1 CHICAGO JOHN M. OLIN LAW & ECONOMICS WORKING PAPER NO. 69 (2D SERIES) Status Signaling and the Law, with Particular Application to Sexual Harassment Gertrud M. Fremling and Richard A. Posner THE LAW SCHOOL THE UNIVERSITY OF CHICAGO This paper can be downloaded without charge at: The Chicago Working Paper Series Index: The Social Science Research Network Electronic Paper Collection:
2 Status Signaling and the Law, with Particular Application to Sexual Harassment Gertrud M. Fremling and Richard A. Posner * Laws aimed at sexual harassment, nudity, and pornography are usually understood to be concerned primarily although not exclusively with offensive behavior rather than with more palpable or measurable harms. The precise nature of the offensiveness, however, is unclear. We shall argue that it is connected to status through the concept of signaling. Differences in the optimal sexual strategies of men and women translate into differences in actual or perceived status that in turn incite behaviors that create a demand for public or private regulation. Although our particular interest is status signaling, we discuss the phenomenon of status more broadly and explore a number of applications. In particular, we offer a fresh perspective on a social policy of growing importance the provision of legal remedies against employers for sexual harassment in the workplace. We first discuss what status is, why people have a vested interest in defending their status, and why a status interest might deserve some legal protection. Then we try to explain why, in the sexual area, it is primarily women rather than men whose status is at risk, and then we talk about the laws regulating sexual harassment, nudity, and pornography. Although we argue that concern with, even striving for, status is not a product of mere vanity, we also question the justifications that might be offered for some of the legal protections of status, especially the economic justification for laws * Fremling has a Ph.D. in economics from the University of California at Los Angeles. Posner is chief judge of the U.S. Court of Appeals for the Seventh Circuit and a senior lecturer at the University of Chicago Law School. The authors thank Sorin Feiner for helpful research assistant, and Richard Craswell, Richard Epstein, Jack Goldsmith, Dan Kahan, Daniel Klerman, William Landes, Edward Laumann, John Lott, Martha Nussbaum, Tomas Philipson, Eric Posner, Eric Rasmusen, Stephen Schulhofer, David Strauss, and participants in a Work-in-Progress Luncheon at the University of Chicago Law School, for many helpful comments on a previous draft.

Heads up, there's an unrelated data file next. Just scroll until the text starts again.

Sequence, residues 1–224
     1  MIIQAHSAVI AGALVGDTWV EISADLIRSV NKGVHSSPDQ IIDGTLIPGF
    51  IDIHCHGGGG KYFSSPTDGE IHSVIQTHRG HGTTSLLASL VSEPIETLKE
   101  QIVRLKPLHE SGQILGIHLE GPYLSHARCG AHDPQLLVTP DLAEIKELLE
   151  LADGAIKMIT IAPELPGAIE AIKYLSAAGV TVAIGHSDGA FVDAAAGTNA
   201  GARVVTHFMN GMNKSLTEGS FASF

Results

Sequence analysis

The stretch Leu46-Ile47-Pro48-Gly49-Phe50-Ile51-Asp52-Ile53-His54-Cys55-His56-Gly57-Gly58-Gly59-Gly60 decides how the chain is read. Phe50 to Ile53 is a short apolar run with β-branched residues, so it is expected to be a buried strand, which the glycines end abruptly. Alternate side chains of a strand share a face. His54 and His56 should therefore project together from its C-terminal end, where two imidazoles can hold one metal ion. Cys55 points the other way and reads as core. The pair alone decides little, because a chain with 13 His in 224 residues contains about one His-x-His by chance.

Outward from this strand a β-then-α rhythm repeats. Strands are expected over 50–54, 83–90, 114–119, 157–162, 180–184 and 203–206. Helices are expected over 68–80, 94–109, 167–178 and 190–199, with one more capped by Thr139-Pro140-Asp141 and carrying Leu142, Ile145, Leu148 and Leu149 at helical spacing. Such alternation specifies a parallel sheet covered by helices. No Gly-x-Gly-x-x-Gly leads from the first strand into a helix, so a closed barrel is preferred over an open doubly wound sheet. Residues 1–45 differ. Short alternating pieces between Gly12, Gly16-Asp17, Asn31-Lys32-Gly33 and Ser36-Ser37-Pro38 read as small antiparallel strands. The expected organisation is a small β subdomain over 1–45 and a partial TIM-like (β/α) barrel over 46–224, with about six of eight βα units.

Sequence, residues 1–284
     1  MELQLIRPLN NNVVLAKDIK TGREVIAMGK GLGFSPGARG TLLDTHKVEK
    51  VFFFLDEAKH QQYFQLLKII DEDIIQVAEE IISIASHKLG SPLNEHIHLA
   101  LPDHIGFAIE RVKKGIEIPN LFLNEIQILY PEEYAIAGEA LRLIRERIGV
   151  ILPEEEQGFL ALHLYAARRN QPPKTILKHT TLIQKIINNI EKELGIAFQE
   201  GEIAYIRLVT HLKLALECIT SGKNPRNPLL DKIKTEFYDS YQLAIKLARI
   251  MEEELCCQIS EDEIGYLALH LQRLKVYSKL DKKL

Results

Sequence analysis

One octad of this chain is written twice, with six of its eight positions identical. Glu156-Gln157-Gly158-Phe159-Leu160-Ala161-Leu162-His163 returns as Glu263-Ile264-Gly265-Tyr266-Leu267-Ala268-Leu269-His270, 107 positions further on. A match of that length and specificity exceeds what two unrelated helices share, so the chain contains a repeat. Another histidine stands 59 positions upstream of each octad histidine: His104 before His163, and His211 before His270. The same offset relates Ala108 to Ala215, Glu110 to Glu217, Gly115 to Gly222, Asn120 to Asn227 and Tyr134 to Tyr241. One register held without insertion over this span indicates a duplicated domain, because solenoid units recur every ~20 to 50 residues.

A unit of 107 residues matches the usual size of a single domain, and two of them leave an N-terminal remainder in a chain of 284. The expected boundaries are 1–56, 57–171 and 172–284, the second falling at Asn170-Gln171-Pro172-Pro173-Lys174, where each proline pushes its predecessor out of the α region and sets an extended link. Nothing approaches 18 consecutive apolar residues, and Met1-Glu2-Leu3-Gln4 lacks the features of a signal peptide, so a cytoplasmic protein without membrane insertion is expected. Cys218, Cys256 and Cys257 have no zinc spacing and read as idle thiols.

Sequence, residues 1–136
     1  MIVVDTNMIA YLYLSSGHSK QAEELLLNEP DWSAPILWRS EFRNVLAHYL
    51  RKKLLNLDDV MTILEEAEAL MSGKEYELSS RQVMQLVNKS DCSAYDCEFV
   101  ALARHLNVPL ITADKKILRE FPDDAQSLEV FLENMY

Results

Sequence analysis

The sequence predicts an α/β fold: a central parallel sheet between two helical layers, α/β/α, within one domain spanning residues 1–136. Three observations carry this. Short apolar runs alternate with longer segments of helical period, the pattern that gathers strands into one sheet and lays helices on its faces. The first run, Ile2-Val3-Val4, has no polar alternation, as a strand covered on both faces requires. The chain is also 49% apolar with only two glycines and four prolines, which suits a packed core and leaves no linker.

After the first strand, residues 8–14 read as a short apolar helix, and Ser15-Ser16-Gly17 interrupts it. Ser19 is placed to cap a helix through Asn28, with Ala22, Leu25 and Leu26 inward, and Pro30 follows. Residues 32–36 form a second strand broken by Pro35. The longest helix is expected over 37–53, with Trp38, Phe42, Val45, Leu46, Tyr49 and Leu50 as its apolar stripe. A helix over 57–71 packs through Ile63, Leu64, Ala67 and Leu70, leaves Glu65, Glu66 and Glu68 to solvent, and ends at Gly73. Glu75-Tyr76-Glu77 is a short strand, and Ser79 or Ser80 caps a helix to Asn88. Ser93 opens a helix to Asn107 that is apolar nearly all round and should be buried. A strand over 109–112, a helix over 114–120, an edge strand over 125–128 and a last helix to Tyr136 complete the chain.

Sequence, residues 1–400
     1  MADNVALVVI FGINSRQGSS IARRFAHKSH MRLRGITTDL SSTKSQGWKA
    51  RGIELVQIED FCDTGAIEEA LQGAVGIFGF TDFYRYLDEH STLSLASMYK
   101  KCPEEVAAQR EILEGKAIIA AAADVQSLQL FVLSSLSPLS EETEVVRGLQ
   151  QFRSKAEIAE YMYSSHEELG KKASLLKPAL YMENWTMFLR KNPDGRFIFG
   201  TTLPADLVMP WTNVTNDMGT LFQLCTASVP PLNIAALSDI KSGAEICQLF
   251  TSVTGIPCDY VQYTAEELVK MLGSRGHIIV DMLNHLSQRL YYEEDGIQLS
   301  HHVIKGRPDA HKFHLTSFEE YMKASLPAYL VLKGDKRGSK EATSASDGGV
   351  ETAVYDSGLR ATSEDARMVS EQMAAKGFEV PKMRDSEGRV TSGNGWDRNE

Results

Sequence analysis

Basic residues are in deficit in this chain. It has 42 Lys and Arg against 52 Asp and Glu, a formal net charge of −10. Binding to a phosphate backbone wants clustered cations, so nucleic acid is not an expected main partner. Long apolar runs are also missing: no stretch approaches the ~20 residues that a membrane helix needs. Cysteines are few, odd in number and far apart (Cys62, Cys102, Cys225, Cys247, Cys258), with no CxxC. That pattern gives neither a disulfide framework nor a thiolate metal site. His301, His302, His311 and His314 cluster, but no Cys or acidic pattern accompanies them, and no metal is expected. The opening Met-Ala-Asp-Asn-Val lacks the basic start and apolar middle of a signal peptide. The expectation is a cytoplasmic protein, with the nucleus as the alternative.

3 Chicago Working Paper in Law and Economics 2 punishing sexual harassment. We develop our points with the aid of both economics and evolutionary biology. Both perspectives are often overlooked in discussions of the legal regulation of sex-related behaviors. 1 I. The Concept of Status and Why It Is Determined Differently for Men and Women A. The Economics of Status Status has been a concern primarily of sociologists, anthropologists, and historians rather than of economists; and though there is a growing economic literature, 2 status is still widely considered a noneconomic phenomenon, because it cannot be purchased or traded. Status is bestowed rather than bought. A person s status is a function of beliefs that others hold about him (or her), and one cannot pay someone to believe something, because belief is involuntary. Although one can invest in activities that will raise one s status, for example by publicly donating to charity, or indeed just by flaunting one s wealth, one cannot buy status directly, as one can the usual good or service. But modern economics, returning to its roots in Aristotle, Smith, and Bentham, does not limit its purview to explicit markets. And status is much like reputation, about which there is a large and 1 As convincingly argued with reference to the biological perspective in Kingsley R. Browne, Sex and Temperament in Modern Society: A Darwinian View of the Glass Ceiling and the Gender Gap, 37 Arizona Law Review 971 (1995). On the economic approach to sex, see Richard A. Posner, Sex and Reason (1992). 2 See, for example, Robert H. Frank, Choosing the Right Pond: Human Behavior and the Quest for Status (1985); Frank, The Demand for Unobservable and Other Nonpositional Goods, 75 American Economic Review 101 (1985); Roger D. Congleton, Efficient Status Seeking, Externalities, and the Evolution of Status Games, 11 Journal of Economic Behavior and Organization 175 (1989); Chaim Fershtman and Yoram Weiss, Social Status, Culture and Economic Performance, 103 Economic Journal 946 (1993); Yoram Weiss and Chaim Fershtman, Social Status and Economic Performance: A Survey (University of Chicago, George J. Stigler Center for the Study of the Economy and the State, Working Paper No. 139, Aug. 1997).